Investigation. Of 50 villages in MOOCs err Bhatinda, and Ludhiana districts, revealed, that 20% of the sampled wells had nitrate, levels above w-h-o. Limits, for drinking water the. 2009. Study linked, the nitrate pollution, with high use of synthetic nitrogen, fertilizers. Topic. Norman, Borlaug's, response, to criticism. Borlaug, dismissed, certain, claims of critics but also cautioned, there are no miracles in, agricultural. Production, nor. Is there such a thing as a miracle variety. Of wheat rice or maize which can serve as an elixir to cure all, ills of a stagnant traditional. Agriculture. Of. Environmental. Lobbyists, he said, some. Of the environmental, lobbyists. Of the Western, nations are the salt of the earth but, many of them are elitists. They've. Never experienced. The physical, sensation. Of hunger they, do their lobbying, from comfortable, office, suites in Washington, or Brussels. If they, live just one month amid the misery of the developing, world as I have for fifty years they'd be crying out for tractors and fertilizer, and irrigation canals. And be outraged, that fashionable. Elitists. Back home were trying to deny them these things. Topic. The new Green Revolution. Although. The Green Revolution has, been able to improve agricultural. Output in some regions in the world there was in a still room for improvement as a. Result, many organizations. Continue to invent new ways to improve the techniques already used, in the Green Revolution. Frequently. Quoted inventions. Are the system of rice intensification, marker-assisted. Selection. Agroecology. And applying, existing technologies. To agricultural. Problems, of the developing world, current. Challenges, for nations trying to modernize their agriculture. Include, closing, the urban rural income, gap integration. Of small holders into value chains and maintaining, competitiveness. In the market, however. In low-income, countries, chronic, problems, such as poverty, and hunger cause agricultural. Modernization. Efforts to be constrained, it is. Projected that global populations. By 2050. Will increase by one-third, and as such will require a 70%. Increase in the production of food therefore. The second Green Revolution will, likely focus on improving, tolerances. To pests, and disease in addition to technological, input, use efficiency. Equals, equals see also.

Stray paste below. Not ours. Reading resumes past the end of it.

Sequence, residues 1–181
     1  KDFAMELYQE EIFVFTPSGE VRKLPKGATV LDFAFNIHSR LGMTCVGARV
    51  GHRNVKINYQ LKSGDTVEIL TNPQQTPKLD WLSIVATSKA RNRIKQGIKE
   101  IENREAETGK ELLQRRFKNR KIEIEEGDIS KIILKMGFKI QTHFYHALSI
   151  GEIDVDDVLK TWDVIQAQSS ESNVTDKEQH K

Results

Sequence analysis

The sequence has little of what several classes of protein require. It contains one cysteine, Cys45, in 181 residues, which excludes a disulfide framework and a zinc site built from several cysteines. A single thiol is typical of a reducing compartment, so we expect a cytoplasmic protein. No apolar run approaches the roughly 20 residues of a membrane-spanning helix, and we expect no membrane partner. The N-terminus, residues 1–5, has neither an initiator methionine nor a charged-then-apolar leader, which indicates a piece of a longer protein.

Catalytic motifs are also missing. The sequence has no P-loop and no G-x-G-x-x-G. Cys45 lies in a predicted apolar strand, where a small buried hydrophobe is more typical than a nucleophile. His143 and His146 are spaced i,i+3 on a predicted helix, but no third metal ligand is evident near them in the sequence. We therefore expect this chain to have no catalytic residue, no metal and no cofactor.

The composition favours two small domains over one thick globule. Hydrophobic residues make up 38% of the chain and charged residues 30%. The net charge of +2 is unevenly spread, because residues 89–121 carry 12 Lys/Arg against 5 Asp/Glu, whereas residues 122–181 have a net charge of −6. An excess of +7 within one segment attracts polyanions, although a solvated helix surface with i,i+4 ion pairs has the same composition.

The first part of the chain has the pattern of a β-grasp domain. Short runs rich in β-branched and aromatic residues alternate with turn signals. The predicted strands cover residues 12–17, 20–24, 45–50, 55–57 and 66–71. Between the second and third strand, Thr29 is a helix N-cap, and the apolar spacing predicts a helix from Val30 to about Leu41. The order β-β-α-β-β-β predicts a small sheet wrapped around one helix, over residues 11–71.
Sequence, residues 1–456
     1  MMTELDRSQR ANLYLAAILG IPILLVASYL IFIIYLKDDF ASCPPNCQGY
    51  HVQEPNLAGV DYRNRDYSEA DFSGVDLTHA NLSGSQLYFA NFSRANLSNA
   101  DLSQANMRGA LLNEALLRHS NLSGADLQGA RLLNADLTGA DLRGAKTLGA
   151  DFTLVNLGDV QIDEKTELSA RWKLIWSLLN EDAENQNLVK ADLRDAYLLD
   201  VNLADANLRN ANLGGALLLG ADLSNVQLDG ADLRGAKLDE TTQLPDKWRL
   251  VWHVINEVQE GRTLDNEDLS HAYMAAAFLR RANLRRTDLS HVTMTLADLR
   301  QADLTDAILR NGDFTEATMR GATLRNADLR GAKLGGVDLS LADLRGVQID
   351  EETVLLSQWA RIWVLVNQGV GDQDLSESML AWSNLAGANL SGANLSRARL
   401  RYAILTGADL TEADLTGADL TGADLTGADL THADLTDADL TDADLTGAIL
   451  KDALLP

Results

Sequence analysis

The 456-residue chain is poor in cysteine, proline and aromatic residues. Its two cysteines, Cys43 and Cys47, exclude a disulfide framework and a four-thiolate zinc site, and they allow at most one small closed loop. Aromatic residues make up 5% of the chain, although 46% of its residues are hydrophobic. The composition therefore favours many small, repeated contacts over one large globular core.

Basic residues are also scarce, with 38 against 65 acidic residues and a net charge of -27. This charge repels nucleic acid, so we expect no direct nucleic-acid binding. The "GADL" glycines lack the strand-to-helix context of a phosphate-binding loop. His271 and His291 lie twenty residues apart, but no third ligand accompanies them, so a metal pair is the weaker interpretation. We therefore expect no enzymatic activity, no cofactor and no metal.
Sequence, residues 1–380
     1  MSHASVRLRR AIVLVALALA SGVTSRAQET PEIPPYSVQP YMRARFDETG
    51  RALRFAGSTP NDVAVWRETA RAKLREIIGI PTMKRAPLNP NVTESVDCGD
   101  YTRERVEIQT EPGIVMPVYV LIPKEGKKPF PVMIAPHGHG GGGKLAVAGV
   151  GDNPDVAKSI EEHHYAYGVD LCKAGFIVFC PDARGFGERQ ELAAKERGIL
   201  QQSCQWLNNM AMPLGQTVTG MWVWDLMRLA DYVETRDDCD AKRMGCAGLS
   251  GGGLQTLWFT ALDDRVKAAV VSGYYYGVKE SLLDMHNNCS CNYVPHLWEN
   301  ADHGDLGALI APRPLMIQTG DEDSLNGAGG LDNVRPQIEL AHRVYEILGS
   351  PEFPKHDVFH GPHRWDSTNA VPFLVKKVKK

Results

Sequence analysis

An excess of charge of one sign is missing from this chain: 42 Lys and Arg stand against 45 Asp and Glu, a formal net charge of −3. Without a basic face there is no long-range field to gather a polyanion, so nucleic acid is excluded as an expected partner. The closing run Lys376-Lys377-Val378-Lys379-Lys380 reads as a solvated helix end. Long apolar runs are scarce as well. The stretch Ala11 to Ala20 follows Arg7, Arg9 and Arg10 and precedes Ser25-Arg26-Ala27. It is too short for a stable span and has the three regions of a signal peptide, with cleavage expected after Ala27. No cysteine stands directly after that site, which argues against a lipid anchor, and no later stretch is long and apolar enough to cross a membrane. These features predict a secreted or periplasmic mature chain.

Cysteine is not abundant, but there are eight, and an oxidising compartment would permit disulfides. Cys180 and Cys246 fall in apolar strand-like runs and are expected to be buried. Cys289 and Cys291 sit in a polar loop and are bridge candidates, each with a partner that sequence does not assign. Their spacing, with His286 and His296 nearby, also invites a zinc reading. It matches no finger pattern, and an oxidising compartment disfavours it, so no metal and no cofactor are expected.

2019-06-09 00:13